In our new series, Why I Quit, writers, activists and celebrities talk about something they swept out of their lives, for better or for worse.
I blame the White Rabbit: “Oh my God! Oh dear! I will be too late! Pocket watch in hand, glasses perched on my nose, the anguish of the furry one reinforced the authority figures of my daily life – parents, teachers – whose control over my young years convinced me that being late was a crime. , a sin, a failure, a fault . The only sure way for a child to incur the wrath of adults. And it could also have unpleasant consequences: a detention or a canceled outing. So “hurry up, hurry up” has always been the mantra driving my way of life, making sure I don’t miss the train, the curtain raiser, the keynote speech – life itself.
Later, I realized that I didn’t have to obey this inner drive. What made the difference? As I cautiously ventured down the subway in the weeks following hip surgery, I found everyone rushing. Moreover, they were all rushing at exactly the same pace, keeping a steady pace, eager to get there, wherever there was. Someone like me, walking slowly and resolutely, was simply an obstruction. People swerving and shoving me around: angry, rude, rushing to their train, rushing through life. Not me. I am now the person who takes the elevator in stations, who defers to people in a hurry who line up in queues. I arrive early for trains and flights, just so I don’t have to rush. I enjoy walking through the lobby, surveying the magazine stand, checking departure times.
The Welsh poet W. H. Davies nailed the issue: “What is this life so, full of care, / We have no time to stand and watch?” Yes, a lot of care and not enough time, that’s the truth.
How is it that so many of us burden our lives with worries? Is it by choice or by necessity? In my case, I admit both: I can hardly pick up a magazine or watch a TV show without wanting to try this recipe, visit this seaside, rearrange the furniture. I rush to buy these ingredients, reserve the train and mix the cushions. None of this is necessary. So it must be a choice. But it doesn’t feel like that. It must be intrinsic to my nature, unplanned and unnecessary, but a choice that responds in one way or another to a deep will. Hurry there, hurry up!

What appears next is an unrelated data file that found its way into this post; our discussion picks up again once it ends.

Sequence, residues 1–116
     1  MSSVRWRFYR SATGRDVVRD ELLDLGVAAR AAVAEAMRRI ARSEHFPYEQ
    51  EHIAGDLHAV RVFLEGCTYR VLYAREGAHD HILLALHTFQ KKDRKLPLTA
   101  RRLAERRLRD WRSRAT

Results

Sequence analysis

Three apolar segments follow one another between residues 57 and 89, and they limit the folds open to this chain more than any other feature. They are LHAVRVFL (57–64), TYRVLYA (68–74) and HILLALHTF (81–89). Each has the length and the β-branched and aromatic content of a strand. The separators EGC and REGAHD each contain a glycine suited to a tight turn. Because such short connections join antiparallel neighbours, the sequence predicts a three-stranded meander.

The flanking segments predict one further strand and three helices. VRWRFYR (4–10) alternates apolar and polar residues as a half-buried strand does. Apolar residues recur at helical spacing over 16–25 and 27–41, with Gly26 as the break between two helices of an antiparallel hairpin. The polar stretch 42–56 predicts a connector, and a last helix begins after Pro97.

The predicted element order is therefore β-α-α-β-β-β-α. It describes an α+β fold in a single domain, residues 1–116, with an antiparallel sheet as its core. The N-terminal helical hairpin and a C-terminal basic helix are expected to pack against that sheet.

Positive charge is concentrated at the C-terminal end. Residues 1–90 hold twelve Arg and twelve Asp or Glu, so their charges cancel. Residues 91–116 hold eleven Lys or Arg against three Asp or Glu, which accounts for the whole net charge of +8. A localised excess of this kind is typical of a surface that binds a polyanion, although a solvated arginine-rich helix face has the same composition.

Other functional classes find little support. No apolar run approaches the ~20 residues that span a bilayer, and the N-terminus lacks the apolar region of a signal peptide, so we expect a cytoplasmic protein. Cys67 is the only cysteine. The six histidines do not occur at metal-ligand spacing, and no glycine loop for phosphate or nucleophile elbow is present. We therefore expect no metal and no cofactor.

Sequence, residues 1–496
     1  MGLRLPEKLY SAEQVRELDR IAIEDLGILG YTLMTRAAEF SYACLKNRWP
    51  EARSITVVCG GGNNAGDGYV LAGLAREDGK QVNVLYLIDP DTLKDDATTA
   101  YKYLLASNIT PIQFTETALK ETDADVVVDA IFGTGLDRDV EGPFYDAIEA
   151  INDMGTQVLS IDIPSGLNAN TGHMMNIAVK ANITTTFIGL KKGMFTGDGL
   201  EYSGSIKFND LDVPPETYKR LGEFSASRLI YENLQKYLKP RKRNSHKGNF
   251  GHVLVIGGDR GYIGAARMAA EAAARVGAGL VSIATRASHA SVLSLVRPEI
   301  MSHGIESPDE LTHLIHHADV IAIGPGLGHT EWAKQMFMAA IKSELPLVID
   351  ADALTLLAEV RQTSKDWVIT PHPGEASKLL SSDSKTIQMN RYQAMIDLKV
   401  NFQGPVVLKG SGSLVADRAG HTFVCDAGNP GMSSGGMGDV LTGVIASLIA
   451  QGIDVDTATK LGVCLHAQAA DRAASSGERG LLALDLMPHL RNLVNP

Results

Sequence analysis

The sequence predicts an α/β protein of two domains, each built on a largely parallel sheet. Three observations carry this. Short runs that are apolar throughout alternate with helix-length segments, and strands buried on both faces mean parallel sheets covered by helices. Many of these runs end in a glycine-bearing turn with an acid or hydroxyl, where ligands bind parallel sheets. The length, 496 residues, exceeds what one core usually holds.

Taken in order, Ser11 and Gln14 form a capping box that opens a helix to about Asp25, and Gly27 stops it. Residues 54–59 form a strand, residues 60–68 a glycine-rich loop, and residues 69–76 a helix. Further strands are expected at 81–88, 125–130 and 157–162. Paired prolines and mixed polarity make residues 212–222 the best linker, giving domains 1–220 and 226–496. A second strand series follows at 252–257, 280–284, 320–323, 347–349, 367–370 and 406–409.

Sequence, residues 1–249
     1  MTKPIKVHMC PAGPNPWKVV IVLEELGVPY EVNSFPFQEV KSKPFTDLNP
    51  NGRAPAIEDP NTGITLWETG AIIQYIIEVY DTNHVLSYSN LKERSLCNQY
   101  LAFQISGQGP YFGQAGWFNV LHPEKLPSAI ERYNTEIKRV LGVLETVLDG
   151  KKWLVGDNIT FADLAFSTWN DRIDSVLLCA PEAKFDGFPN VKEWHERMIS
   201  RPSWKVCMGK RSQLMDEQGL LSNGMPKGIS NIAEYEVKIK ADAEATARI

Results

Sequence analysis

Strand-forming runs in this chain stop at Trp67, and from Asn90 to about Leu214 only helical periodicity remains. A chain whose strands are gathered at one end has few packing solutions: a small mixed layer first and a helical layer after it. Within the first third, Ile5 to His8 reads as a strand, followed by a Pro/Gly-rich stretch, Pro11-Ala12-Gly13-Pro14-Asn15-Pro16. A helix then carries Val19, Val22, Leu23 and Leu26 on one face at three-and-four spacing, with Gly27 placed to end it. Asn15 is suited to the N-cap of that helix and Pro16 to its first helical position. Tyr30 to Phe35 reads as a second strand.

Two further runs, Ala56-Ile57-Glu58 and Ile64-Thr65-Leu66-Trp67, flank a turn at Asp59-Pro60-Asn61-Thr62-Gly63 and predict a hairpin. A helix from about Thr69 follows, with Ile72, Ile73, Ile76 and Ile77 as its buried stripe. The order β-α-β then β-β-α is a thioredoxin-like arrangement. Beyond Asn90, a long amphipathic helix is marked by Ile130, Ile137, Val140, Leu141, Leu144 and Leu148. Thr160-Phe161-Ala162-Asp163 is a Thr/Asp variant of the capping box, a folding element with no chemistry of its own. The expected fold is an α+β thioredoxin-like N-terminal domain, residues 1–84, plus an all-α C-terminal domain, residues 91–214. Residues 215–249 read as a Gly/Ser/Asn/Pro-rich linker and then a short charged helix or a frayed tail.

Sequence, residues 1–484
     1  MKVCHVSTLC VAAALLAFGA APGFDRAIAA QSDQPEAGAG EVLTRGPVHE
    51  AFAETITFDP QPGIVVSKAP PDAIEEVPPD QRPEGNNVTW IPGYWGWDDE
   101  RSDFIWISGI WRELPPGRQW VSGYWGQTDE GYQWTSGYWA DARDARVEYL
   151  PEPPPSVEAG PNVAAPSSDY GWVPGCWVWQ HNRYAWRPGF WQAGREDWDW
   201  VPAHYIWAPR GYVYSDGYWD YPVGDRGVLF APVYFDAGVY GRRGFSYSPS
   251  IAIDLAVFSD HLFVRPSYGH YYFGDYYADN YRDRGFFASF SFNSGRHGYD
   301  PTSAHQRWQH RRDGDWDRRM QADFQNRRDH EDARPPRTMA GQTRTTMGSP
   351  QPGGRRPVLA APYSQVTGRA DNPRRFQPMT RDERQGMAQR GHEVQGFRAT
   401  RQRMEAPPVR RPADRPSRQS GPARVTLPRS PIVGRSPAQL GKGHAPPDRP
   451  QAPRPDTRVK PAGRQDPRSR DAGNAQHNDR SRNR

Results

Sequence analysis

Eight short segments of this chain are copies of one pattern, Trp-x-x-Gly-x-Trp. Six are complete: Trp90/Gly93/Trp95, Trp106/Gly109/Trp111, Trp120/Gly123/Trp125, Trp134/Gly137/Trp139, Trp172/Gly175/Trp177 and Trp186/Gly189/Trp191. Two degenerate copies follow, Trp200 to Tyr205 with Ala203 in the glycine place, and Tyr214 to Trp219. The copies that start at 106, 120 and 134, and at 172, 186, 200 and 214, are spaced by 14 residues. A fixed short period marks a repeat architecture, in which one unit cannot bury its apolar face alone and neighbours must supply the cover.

As for necessity, well, look around you. City life is hardly possible without rushing to fulfill everything that needs to be done. Washing, dressing, eating, washing dishes, tidying up, cleaning, shopping, gardening, washing – and we haven’t started earning a living yet. So hurry up! Falling into the world, there’s all that travelling, arriving, greeting, briefing, ordering, writing, meeting, agreeing, disagreeing (it takes longer). Add the fun element: greeting (this time different people) online, on Twitter, eating, visiting, enjoying, sharing… when will it end? Sleep is a blessing.
Lately, I formulated some rules to limit haste. Is it seriously possible to do less of everything? Cut out some things completely and do the essential things more superficially. Who needs to iron clothes or dry dishes? These are the fetishes of a disciplined childhood. Indeed, a large part of urban life is organized to help you: online shopping, bulk purchases, bulk cooking and freezing, drop-by-drop fabrics, Deliveroo. But that brings me to an inescapable truth.
Somewhere deep inside me, I’m probably enjoying all the rush. I even like to complain about it. I suspect it makes me feel needed, wanted, fulfilled. I could, after all, move to the countryside and live the simple life of a piece of land and a few chickens. How quiet it could be. Following the seasons, looking at the stars, measuring every moment in nature’s cycles – buds opening, leaves falling.
But wait! Why not plant vegetables, keep a sheep or two, pick hedgerow fruit, make jam. And if I hurry, I can take the only bus a day to the local town, have tea and scones with these new friends, and stay to catch the choir singing in the cathedral.
Yes, I’m afraid it’s a rushed life wherever I am.